That same point was made in a 2011 report by The Boston Consulting Group that estimated that "reshoring" by companies could result in 2 to 3 million new jobs. About a quarter would be directly in manufacturing, and the rest would work for suppliers or service industries.

Furniture, the report said, is among the seven areas where this is most likely to occur. The costs of shipping bulky products and the ample supply of wood in the U.S. make it a prime candidate for domestic manufacturing; China has to import wood.

"The pendulum is swinging," says Hal Sirkin, the report's lead author. He says wages are rising 15-to-20 percent a year in China and U.S. workers are, on average, more than three times as productive

The report predicts that by 2015, these industries will likely reach a "tipping point" where the cost advantages of China will have shrunk to a point where U.S. companies may see it's to their benefit to return production or set up a new base here.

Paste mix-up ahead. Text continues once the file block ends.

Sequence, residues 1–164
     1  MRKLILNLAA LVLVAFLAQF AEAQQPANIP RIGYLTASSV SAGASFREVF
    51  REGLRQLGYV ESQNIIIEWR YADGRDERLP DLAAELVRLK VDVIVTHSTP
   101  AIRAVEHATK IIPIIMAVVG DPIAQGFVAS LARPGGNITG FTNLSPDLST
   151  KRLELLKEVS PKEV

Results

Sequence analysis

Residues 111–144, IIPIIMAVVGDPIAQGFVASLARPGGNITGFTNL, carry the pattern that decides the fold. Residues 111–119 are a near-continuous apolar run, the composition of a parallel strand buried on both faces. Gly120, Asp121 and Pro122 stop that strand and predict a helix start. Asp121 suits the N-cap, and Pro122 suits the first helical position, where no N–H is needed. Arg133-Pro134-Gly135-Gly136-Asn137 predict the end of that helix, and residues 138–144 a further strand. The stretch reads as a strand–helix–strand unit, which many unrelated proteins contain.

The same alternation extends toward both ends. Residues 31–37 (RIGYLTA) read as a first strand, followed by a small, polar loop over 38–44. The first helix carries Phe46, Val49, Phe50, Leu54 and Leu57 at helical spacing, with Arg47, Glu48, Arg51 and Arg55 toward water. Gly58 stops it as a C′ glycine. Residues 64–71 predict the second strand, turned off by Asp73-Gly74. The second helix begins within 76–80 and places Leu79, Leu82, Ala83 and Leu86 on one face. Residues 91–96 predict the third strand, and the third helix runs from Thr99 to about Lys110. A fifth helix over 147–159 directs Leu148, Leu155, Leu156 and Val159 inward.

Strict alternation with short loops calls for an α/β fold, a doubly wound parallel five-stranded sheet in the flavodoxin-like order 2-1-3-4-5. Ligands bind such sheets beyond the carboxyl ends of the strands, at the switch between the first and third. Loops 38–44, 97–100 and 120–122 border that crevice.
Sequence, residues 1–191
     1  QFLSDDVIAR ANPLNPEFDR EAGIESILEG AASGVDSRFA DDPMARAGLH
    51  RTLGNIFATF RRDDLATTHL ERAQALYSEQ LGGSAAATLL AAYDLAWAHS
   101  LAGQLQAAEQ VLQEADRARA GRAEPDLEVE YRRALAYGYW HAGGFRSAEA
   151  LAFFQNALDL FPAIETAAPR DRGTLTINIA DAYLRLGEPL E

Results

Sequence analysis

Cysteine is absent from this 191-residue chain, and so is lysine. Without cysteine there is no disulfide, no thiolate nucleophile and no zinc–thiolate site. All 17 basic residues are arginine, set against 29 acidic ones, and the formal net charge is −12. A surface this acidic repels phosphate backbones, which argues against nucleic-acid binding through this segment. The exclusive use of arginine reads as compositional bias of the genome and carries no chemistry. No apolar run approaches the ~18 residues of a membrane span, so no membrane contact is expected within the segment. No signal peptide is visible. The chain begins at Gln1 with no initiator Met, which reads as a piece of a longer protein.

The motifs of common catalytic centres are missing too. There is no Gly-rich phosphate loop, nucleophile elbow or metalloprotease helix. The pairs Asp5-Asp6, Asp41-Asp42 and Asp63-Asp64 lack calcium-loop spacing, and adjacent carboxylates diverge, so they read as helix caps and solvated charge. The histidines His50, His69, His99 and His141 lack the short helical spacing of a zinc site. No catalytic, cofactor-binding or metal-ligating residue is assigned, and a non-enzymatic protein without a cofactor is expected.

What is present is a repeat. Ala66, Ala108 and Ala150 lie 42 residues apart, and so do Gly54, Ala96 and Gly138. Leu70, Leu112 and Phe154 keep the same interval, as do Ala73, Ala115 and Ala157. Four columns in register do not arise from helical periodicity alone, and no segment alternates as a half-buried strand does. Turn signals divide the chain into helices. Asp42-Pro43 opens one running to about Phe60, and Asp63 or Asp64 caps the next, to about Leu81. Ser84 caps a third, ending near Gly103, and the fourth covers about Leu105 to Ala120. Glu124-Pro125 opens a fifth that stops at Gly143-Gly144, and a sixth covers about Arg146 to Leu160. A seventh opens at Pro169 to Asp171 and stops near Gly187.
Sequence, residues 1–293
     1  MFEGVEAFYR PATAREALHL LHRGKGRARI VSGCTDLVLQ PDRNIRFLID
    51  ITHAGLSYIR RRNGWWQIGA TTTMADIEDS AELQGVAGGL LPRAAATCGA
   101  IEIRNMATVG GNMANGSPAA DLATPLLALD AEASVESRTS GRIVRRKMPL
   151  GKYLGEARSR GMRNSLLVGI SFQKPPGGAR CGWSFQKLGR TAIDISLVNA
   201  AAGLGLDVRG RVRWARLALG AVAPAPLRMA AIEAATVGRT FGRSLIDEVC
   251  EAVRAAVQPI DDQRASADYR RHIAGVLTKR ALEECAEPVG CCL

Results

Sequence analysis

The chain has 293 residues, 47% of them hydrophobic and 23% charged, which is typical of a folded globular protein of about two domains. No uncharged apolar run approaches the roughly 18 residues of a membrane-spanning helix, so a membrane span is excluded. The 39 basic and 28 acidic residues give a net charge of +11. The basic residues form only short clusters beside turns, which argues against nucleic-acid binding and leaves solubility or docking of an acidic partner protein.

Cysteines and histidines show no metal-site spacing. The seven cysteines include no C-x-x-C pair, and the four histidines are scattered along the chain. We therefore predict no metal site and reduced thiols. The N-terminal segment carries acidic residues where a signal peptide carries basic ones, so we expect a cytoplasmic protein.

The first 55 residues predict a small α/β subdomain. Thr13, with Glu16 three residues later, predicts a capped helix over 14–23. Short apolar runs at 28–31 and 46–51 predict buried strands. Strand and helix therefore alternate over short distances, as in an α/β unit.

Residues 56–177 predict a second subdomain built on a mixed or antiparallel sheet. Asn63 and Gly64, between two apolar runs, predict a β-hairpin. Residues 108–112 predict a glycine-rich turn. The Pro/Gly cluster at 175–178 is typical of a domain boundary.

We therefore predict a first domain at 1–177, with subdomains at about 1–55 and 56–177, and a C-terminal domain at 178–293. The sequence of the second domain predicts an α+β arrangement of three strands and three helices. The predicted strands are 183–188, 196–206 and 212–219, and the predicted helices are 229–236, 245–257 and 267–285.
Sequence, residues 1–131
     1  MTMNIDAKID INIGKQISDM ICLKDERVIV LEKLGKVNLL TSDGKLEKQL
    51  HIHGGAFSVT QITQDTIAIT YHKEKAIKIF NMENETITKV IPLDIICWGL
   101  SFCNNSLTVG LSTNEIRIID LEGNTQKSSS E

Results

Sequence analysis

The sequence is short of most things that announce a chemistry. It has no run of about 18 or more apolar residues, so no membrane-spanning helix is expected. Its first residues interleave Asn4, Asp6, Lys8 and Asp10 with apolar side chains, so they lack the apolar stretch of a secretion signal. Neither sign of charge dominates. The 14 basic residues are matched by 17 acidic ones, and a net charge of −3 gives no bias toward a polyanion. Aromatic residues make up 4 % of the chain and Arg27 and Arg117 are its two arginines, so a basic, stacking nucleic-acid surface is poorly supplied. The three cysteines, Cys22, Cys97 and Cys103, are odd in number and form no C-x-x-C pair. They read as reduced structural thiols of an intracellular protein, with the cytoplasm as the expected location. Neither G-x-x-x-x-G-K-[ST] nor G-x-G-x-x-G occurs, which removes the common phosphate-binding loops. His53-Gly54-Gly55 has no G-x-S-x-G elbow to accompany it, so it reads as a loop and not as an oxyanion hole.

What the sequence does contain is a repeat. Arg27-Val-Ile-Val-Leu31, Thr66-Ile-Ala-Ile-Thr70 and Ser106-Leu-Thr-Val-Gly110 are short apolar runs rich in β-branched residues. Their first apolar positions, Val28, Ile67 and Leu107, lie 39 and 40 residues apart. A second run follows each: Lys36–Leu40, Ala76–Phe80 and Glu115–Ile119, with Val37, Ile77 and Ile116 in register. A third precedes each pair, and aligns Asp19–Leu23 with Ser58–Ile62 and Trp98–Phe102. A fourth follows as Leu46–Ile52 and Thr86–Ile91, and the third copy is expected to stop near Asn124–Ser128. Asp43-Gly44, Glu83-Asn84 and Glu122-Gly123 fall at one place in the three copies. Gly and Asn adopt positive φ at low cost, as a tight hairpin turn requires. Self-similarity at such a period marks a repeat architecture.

"It's still early," Sirkin says. "We don't know all this is going to happen, but companies are starting because the economics are starting to look favorable. I was surprised to see it happening as quickly as it is."

It is happening at a time when Americans â¿¿ historically proud of the nation's manufacturing might â¿¿ are showing frustration with the migration of those jobs to China and elsewhere. An ABC News/Washington Post poll in February found that nearly 75 percent of those surveyed favor raising taxes on businesses that move manufacturing jobs overseas.

In January, President Barack Obama hosted a White House forum on in-sourcing, featuring small and large companies that have invested in the U.S. And in his State of the Union speech, Obama called for an economy "built on American manufacturing." He said the resurgence of the U.S. auto industry "should give us confidence."

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